By Dipo Olowookere
Financing Africa’s development needs will require an estimated $600-700 billion per annum and according to the African Development Bank’s (AfDB) African Economic Outlook 2018, of this, about $130-170 billion a year in infrastructure will be needed.
It is estimated that by 2050, just 32 short years from now, Africa’s growing population will tip the scales at a whopping 2 billion, with a youth of 840 million. In the process, the continent will overtake the populations of China and India combined.
To address these challenges, the African Development Bank has launched the Africa Investment Forum, a platform to mobilize private equity funds, sovereign wealth funds and the private sector to facilitate infrastructure projects with the capacity to transform the continent.
The Premier of Gauteng Province, Africa’s seventh largest economy, David Makhura, endorsed the Forum as a game changer for financing Africa’s infrastructure development at the launch of the African Investment Forum in Johannesburg.
“It’s an honour to receive a vote of confidence from one of the most influential, respected and credible institutions of our continent. I want to assure the African Development Bank, and members of the African and global investor community that we are ready to host a highly successful Africa Investment Forum in November. We have an impeccable track record of hosting continental and global events of the magnitude and significance represented by the Africa Investment Forum,” Makhura said at the formal launch of the Forum.
The Bank and the Government of Gauteng Province recently signed a memorandum of agreement to host the inaugural edition of the Africa Investment Forum from November 7 to 9, 2018 in Johannesburg, South Africa.
Makhura referred to the Africa Investment Forum as more than a Davos of Africa, stating that “we as the Gauteng Provincial Government are very pleased to have won the bid to host this biggest and unparalleled investment platform on the African continent. It’s a great platform that will translate Africa’s professed potentials into real opportunities and progress.”
He added, “The November Inaugural Africa Investment Forum fits very well with the investment drive of President Ramaphosa and will be one of the most important platforms for our government and local businesses to pitch for greater levels of investment. Gauteng-based investment companies have already invested more than $30 billion in different regions of Africa. We have a 15-year infrastructure masterplan with a portfolio of bankable projects that require more than $150 billion over 10 years.”
While Africa is the next investment frontier, there is an urgent need to bridge the gap between available capital and bankable projects, said African Development Bank President Akinwumi Adesina, noting the Africa Investment Forum will help make Africa a place where its young people want to live and thrive in.
“The overall Investment gap for Africa to achieve overall economic development is actually much higher and stands at $200 billion to $1.2 trillion a year. Impediments to bankable projects must be resolved to create win-wins for governments, development finance institutions and other relevant stakeholders. Africa must invest in its own development if it wants others to do so,” he said.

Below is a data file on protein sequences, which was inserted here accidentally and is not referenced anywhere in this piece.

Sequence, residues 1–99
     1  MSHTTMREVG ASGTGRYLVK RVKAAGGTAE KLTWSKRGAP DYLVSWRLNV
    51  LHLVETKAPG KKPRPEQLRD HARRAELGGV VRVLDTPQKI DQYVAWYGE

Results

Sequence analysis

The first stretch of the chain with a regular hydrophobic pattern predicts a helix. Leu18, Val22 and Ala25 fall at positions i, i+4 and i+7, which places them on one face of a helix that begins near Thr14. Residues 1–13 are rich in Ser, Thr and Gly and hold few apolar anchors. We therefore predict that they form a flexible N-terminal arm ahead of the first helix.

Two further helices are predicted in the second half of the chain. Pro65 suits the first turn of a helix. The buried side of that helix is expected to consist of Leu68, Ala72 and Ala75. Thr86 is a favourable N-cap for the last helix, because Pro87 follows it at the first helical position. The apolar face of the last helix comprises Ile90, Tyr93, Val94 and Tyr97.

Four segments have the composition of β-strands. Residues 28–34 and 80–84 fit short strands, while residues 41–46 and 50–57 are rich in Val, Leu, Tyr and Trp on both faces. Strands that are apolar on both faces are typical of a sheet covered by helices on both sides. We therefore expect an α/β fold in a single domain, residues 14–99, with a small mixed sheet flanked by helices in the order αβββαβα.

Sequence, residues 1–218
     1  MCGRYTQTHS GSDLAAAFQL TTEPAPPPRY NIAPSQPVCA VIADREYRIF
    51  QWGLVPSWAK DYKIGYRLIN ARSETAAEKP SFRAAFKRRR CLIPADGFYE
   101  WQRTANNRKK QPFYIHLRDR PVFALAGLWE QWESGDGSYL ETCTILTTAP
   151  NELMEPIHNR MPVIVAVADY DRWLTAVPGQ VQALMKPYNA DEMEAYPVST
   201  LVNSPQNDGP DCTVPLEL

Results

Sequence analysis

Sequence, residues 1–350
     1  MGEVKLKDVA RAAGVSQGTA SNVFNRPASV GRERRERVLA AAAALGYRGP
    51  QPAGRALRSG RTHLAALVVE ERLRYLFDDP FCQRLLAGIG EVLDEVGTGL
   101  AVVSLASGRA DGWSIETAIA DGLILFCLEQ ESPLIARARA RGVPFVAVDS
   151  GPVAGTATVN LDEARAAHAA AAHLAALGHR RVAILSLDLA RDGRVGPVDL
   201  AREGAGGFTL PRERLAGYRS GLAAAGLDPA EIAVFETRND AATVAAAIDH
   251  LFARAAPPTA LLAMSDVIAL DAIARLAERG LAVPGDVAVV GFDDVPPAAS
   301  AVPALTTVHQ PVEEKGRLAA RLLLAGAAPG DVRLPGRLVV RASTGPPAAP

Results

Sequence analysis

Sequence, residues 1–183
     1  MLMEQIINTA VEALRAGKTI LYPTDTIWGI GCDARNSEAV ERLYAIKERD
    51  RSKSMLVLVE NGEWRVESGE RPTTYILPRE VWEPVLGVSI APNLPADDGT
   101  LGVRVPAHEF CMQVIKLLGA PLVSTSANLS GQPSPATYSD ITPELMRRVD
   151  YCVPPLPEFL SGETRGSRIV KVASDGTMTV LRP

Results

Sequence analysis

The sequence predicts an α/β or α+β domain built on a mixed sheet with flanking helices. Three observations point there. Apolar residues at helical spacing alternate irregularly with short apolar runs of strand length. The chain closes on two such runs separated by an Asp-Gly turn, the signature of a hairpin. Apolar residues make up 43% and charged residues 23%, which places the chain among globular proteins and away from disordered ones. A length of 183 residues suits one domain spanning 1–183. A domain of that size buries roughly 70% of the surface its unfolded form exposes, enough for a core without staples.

“This is the essential reason for the new approach of the Africa Investment Forum, a multi-stakeholder, multi-disciplinary platform that will incentivize collaboration for the economic and social development of Africa. This will primarily be about transactions and investment deals for Africa’s economic development and not a talk shop.”
Adesina noted that financing Africa’s development is and has always been a collective and cooperative task, requiring broad-based partnerships with the private sector.
“We know that the money is there. By 2020, there will be close to $111 trillion assets under management globally that are invested around the world often at very low interest rates. Within Africa, the assets under management of domestic institutional investors will rise to $1.8 trillion by 2020, tripling from $634 billion in 2014. Most of this money isn’t invested in Africa. But Africa should invest in its own development if it wants others to do so.”
Key industry leaders have endorsed the Forum as a unique opportunity for the private sector to invest in transformative projects across key sectors of strategic interest in Africa.
Investor Relations and Communication Executive at Harith General Partners, Pule Molebeledi, described the investment guarantee component of the AIF as a game changer.
“This will be a major catalyst for projects that are currently stuck in the pipeline,” he said.
The African Development Bank is committed to working with other multi-lateral development partners, private equity funds, sovereign wealth funds, insurance funds, private sector and stakeholders to ensure that the Africa Investment Forum becomes Africa’s key springboard for African investment and for meeting the continent’s massive infrastructure and development needs. This is the first time ever that several multilateral development banks will come together on a single platform designed to bring a major pipeline of bankable projects to completion.
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